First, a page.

Drain the liquid out of the tofu packages and slice into 1/2 inch patties. Using a deep fryer set to 375 without the basket, place your tofu patties into your oil until crispy and golden. (We deep fried our tofu before we left of course) Feel free to pan fry your tofu if a deep fryer isn't an option. Now set aside to dry and make sure to salt to taste. Now mix all your ingredients together, minus the onions, in a large bowl and marinate for a few minutes. In a large pan, saute your onions for approximately 5 minutes.(You can saute for less if you want a bitter taste) Finally, mix in the rest of the ingredients and heat for about 2 minutes. Presto you are ready to serve! Depending on your taste, you can add calamansi to your marinade as well. You can never go wrong with calamansi and sisig.

30 seconds remaining!
Finishing with the calamansi
So in less than a hour, we set up, cooked, plated and served. I must admit, there was a ton of pressure especially with people over your shoulder and in your face. We were too late for the judging but definitely in time to share and satisfy peoples bellies. And that's what I love about sisig. It's meant to be shared and enjoy with family, friends and even a few strangers.

First time vegan and filipino food diners
Time to eat
The event was awesome and it was great to meet  RG of AstigVegan and share food with all the attendees. I can't wait till our next event, who knows...maybe I'll try to do a vegan lechon kawali. Check back soon for my vegan binagoongan recipe. BTW, I will definitely not be trying out for The Next Food Network Star. It wouldn't be fair :)

Vegan binagoognan photo courtesy of AstigVegan
Astig Vegan
twitter: @astigvegan

Wednesday, November 9, 2011

Low carb, sugar free steel cut oat champorado

For a year, my weekday breakfasts have consisted of non-fat cottage cheese and blue berries. Not very exciting at all especially considering I look at myself as a foodie. I have definitely grown to accept my healthy breakfast and sometimes I even imagine it being a bowl full of sisig. But who cares, just as long as it gets me closer to my high school body. Do I crave anything else for breakfast? Of course I do, but I won't risk increased blood sugar and pre-diabetes to satisfy my appetite. Filipino food is my passion, and yes, sometimes the dishes call for ingredients that are not that great for diabetics or people trying to go for a low carb high protein diet. But that shouldn't stop you from adapting the recipes to suit your needs or stay within your dietary guidelines.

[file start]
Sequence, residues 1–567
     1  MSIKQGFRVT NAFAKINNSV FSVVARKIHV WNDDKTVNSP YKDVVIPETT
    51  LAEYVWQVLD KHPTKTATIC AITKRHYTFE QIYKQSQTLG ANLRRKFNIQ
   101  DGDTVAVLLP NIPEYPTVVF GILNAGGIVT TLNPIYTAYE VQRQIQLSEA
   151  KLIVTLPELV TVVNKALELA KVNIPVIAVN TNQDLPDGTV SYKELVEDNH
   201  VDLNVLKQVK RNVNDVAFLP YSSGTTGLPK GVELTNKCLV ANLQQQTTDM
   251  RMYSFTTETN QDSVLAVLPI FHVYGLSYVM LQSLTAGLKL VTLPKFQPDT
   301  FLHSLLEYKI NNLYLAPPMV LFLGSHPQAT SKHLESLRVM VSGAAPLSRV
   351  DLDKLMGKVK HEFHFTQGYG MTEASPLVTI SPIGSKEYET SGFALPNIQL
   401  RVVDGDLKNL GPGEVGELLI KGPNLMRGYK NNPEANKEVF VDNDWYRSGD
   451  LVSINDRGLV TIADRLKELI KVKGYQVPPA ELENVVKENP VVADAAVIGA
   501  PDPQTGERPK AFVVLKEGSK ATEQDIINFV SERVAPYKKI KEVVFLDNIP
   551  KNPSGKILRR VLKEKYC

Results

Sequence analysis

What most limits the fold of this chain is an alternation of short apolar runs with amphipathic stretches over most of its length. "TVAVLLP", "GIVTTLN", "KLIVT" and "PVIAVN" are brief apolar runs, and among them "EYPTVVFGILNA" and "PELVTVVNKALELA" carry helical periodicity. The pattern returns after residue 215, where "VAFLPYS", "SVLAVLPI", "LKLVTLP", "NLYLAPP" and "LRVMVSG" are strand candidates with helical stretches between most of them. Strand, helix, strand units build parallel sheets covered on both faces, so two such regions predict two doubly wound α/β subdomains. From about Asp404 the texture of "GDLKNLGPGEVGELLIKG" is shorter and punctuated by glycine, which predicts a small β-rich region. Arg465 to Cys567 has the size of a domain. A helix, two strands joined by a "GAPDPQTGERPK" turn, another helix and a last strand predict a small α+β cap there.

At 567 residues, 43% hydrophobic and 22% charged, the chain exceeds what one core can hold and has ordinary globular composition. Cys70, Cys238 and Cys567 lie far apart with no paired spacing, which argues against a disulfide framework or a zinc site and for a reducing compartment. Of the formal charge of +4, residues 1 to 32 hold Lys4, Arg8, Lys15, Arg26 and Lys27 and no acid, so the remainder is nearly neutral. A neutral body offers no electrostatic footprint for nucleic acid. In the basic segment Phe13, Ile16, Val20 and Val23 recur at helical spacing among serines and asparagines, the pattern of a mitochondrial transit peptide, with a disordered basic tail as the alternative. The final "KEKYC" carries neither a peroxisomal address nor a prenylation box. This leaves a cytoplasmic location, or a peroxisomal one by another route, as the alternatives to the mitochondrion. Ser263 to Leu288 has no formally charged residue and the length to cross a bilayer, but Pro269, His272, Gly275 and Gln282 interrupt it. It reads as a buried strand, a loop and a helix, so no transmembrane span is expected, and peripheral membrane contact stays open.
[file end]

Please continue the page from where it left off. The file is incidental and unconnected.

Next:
Steel Cut Oat Champorado
One of my favorite breakfasts growing up was champorado. Champorado is a sweet chocolate rice porridge in Philippine cuisine. It is traditionally made by boiling sticky rice with cocoa powder, giving it a distinctly brown color and usually with milk and sugar to make it taste sweeter. In our household, we don't really eat white rice. I know, send in the Pinoy police! Restaurants give me crazy looks every time we skip the rice. Anyway, I still wanted to enjoy champorado, but come up with a simple alternative that was sugar free, low carb and had some protein value. The solution was actually an accident. My wife was baking gluten free, sugar-free, vegan chocolate chip cookies. So I stole some of the chips and threw them into my pot of steel cut oats! Bam...I'm a friggen genius. Ok maybe not but pretty close right?

Steel-cut oats are inherently full of nutritional value and are high in B-vitamins, calcium, protein and fiber while low in salt and unsaturated fat. Don't use regular instant or rolled oats because they have been processed and aren't as nutty and chewy than steel cut.


1 cup of steel cut oats
1/2 cup of sugar free dark chocolate chips - use whatever chocolate you like...sugar conscious foodies should stick with the sugar free chocolate.
tsp of salt
3 cups of water


Bring 3 cups of water to a boil then add 1 tsp of salt. Mix in your oats and reduce to a simmer. Continually stir your oats for about 20-25 minutes. Turn your heat off and mix in your chocolate until you get a uniform consistency. Now your ready to serve. You can add condensed milk or non-fat milk to your champorado and even garnish with some dried fish depending on your sodium restrictions.